But logging on national forests was being cut back drastically to preserve habitat for the northern spotted owl, a threatened species, and Bristol-Myers Squibb went looking for a steady supply.

It found it in a process that takes a precursor of Taxol, called 10-deacetylbaccatin III, that is found in ornamental shrub varieties of yew, and partially synthesizes the drug.

“In the pharmaceutical industry, we always felt that nature provided the best lead,” said M. Dianne DiFuria, senior director of business development for Bristol-Myers Squibb. “But it is up to the industry to either improve that lead or come up with alternative sources.”


That sent stock tumbling for Hauser Northwest, which was the sole supplier of Taxol to Bristol-Myers Squibb. The company is still collecting a little Pacific yew bark from private lands, but gave up collecting on national forests because of all the restrictions, said Phil Hassrick, executive vice president of the Boulder, Colo., company.

Bristol-Myers Squibb buys the Taxol precursor from a company based in Milan, Italy, that makes it from the European and Himalayan varieties of yew.

Scientists at Florida State University recently announced that they can now wholly synthesize Taxol, but the process has little chance of ever being cheap enough to compete with partial synthesis, DiFuria said.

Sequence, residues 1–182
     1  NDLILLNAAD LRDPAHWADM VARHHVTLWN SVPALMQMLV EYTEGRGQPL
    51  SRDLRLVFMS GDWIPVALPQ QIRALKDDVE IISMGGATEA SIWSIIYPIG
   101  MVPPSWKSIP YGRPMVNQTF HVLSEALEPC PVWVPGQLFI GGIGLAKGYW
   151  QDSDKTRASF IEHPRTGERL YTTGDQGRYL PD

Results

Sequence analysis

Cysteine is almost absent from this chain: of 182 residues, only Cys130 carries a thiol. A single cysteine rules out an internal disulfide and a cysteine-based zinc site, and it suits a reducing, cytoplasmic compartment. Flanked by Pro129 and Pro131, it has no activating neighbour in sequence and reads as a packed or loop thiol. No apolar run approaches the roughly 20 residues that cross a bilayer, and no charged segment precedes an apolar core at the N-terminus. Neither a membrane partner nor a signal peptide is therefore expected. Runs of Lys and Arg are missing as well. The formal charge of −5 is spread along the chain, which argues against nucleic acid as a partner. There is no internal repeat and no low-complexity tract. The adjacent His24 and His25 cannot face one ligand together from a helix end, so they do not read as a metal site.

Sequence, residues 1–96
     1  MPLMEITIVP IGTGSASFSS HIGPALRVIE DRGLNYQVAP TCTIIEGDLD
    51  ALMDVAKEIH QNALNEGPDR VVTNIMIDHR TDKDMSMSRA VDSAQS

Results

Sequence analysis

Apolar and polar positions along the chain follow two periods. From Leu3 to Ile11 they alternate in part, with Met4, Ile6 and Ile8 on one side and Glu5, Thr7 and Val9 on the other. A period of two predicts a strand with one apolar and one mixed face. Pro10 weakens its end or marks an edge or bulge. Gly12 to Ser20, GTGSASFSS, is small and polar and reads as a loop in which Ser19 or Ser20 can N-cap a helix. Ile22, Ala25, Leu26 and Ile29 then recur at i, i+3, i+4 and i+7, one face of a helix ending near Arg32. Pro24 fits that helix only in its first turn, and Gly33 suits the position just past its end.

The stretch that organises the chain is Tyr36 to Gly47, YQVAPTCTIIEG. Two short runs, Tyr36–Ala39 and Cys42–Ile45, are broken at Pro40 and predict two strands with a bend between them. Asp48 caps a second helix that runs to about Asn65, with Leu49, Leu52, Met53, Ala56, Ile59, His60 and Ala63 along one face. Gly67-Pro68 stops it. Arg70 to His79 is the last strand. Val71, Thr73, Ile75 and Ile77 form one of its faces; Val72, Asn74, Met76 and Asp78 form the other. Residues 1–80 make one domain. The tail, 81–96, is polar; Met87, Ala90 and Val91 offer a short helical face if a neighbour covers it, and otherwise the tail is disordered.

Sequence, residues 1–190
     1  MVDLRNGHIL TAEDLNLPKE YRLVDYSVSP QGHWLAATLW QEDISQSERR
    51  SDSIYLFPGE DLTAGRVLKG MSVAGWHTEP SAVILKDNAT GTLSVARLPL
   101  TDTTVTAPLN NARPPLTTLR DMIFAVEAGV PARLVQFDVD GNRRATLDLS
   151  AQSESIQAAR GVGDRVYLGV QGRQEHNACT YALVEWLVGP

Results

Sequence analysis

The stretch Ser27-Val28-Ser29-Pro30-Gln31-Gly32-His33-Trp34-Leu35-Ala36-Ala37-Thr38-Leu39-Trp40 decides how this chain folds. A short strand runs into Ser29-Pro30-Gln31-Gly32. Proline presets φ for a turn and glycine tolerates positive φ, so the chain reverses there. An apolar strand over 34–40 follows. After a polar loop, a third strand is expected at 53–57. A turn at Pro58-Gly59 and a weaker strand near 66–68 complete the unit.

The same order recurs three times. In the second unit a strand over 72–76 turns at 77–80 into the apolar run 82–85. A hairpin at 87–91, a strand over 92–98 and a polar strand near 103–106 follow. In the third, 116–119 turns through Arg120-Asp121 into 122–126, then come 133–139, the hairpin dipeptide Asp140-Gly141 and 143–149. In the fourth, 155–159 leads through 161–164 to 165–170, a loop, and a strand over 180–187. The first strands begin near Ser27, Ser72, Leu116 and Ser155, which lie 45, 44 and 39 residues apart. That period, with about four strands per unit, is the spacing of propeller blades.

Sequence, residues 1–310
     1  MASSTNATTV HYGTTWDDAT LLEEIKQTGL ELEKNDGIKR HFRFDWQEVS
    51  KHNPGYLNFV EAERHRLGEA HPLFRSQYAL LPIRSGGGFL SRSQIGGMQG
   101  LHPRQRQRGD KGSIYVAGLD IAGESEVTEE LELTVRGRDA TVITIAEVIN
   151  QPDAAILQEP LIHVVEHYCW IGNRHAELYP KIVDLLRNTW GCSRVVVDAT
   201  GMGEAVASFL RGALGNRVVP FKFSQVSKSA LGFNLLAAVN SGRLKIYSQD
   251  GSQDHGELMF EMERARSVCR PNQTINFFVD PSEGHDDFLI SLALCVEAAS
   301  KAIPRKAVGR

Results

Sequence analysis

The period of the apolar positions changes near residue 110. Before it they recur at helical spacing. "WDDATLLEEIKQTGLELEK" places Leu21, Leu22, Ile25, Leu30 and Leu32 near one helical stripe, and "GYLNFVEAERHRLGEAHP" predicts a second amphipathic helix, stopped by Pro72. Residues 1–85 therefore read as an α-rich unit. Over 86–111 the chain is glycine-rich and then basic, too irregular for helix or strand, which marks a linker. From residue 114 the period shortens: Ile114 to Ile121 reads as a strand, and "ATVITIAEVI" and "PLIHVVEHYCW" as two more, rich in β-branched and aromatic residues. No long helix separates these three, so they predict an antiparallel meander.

Nonetheless, Bristol-Myers Squibb continues to pursue research into new ways to produce Taxol, such as tissue culture, as well as related compounds that may also be potent cancer fighters, DiFuria said.


And it expects to soon face competition from other drug makers, notably Rhone-Poulenc Rorer, a French company developing a related drug called “taxotere.”

Weyerhaeuser, the nation’s biggest timber producer, hopes to take over as the top source of the Taxol precursor.

Weyerhaeuser has planted more than 12 million ornamental yews, testing them for Taxol as well as the precursor and related compounds, said Dick Piesch, manager of the company’s Taxol program in Centralia, Wash.

Last September, Weyerhaeuser harvested 40,000 4-year-old seedlings of a hybrid of Japanese and European yews and gave them to Bristol-Myers Squibb for testing, Piesch said.


“There is no question that the bark of older trees as a commercial resource would disappear long before the demand would,” said Piesch. “I think we can all say . . . that Taxol is not limiting any more. There is plenty of it to go around.”

The only Taxol approved by the Food and Drug Administration is made from Pacific yew bark, but Taxol partially synthesized from ornamental yews is likely to be approved before the end of the year, said Saul Schepartz, deputy associate director of the developmental therapeutics program at the National Cancer Institute.

The new process will have to be approved to meet the growing demand. Breast cancer kills 46,000 women a year and ovarian cancer 13,600.

Scientists are testing Taxol against a variety of other cancers, particularly lung cancer and cancers of the head and neck, said Adams.